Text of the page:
Cytomegalovirus antibody avidity in allogeneic bone marrow recipients: Evidence for primary or secondary humoral responses depending on donor immune status

Cytomegalovirus antibody avidity in allogeneic bone marrow recipients: Evidence for primary or... The reconstitution of the human cytomegalovirus (CMV) antibody response in CMV seropositive bone marrow transplant patients was investigated by comparing 11 patients whose donors were CMV seropositive with 8 whose donors were CMV seronegative. Evidence for primary or secondary responses to CMV was sought by determining IgG antibody avidity using an avidity index method, and antibody titre over a period of up to 3 years after transplant. For the patients whose donors were CMV seropositive, the results showed the characteristics of a secondary response, i.e., rising antibody titres of high avidity immediately after transplant. In contrast, the patients with CMV seronegative donors showed evidence of a primary antibody response usually occurring at about 250 days after transplant, i.e., rising antibody levels initially of low avidity maturing to high avidity over the following 100 to 200 days. It is concluded that a secondary response and hence transfer of humoral immunity had occurred in those patients whose donor was CMV seropositive, whereas a delayed primary response occurred in those patients whose donor was CMV seronegative. © 1996 Wiley‐Liss, Inc. http://www.deepdyve.com/assets/images/DeepDyve-Logo-lg.png Journal of Medical Virology Wiley

Cytomegalovirus antibody avidity in allogeneic bone marrow recipients: Evidence for primary or secondary humoral responses depending on donor immune status

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Publisher
Wiley
Copyright
Copyright © 1996 Wiley‐Liss, Inc.
ISSN
0146-6615
eISSN
1096-9071
D.O.I.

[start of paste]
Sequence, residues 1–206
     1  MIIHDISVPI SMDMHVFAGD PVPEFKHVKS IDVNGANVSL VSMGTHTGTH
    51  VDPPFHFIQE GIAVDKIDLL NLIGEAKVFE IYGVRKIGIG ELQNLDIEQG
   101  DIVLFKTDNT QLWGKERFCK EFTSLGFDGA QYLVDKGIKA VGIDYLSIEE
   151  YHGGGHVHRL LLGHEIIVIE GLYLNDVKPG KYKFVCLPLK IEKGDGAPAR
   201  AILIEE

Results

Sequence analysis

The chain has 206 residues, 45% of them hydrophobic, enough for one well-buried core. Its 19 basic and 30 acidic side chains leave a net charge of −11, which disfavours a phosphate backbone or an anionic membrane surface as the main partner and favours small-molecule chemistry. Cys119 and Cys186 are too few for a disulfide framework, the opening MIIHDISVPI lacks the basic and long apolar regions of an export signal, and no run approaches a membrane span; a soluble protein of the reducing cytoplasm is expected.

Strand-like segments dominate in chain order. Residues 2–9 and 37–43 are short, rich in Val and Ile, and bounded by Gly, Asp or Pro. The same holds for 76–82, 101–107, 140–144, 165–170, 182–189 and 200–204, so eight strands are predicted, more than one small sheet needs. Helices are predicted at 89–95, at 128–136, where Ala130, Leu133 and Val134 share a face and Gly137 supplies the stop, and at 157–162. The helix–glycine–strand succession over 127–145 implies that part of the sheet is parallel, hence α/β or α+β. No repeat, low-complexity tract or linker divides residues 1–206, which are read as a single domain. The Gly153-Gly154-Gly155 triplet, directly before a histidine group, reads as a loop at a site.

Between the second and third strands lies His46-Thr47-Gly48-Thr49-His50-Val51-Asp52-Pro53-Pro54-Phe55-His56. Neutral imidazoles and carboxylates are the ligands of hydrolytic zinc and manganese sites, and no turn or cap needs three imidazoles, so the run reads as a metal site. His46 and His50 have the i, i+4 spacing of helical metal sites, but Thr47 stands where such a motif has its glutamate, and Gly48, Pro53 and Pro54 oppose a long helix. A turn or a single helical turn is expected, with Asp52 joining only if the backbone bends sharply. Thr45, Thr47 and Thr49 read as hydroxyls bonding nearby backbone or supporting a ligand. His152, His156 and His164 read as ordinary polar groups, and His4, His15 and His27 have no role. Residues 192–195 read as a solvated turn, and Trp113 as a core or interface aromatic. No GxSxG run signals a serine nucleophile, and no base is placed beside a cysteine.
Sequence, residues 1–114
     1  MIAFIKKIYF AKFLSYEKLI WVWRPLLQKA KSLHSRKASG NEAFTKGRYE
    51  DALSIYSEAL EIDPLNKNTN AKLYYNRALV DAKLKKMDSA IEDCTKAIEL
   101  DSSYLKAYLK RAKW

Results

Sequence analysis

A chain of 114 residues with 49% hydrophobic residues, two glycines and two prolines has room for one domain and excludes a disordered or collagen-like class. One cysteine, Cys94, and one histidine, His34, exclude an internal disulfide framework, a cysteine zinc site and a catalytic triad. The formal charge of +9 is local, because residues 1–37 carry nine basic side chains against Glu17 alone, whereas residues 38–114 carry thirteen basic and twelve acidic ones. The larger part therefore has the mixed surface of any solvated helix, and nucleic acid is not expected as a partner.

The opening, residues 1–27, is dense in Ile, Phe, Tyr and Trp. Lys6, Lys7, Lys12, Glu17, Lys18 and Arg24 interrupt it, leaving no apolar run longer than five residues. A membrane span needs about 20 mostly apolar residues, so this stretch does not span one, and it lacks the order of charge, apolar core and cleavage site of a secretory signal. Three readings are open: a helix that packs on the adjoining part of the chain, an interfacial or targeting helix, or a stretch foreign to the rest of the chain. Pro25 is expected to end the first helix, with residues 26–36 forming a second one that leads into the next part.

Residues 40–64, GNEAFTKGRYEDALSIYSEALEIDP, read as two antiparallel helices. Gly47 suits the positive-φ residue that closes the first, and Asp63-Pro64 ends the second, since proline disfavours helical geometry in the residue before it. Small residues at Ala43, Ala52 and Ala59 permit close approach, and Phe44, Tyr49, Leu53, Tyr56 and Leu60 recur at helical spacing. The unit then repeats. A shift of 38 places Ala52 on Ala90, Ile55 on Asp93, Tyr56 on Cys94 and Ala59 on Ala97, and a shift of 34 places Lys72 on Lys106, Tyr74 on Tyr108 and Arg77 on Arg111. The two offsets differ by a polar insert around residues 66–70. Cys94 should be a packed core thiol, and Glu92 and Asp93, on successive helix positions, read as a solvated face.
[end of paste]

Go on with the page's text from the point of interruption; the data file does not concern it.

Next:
10.1002/(SICI)1096-9071(199605)49:1<61::AID-JMV10>3.0.CO;2-5
Publisher site
See Article on Publisher Site

Abstract

The reconstitution of the human cytomegalovirus (CMV) antibody response in CMV seropositive bone marrow transplant patients was investigated by comparing 11 patients whose donors were CMV seropositive with 8 whose donors were CMV seronegative. Evidence for primary or secondary responses to CMV was sought by determining IgG antibody avidity using an avidity index method, and antibody titre over a period of up to 3 years after transplant. For the patients whose donors were CMV seropositive, the results showed the characteristics of a secondary response, i.e., rising antibody titres of high avidity immediately after transplant. In contrast, the patients with CMV seronegative donors showed evidence of a primary antibody response usually occurring at about 250 days after transplant, i.e., rising antibody levels initially of low avidity maturing to high avidity over the following 100 to 200 days. It is concluded that a secondary response and hence transfer of humoral immunity had occurred in those patients whose donor was CMV seropositive, whereas a delayed primary response occurred in those patients whose donor was CMV seronegative. © 1996 Wiley‐Liss, Inc.

Journal

Journal of Medical VirologyWiley

Published: May 1, 1996

References

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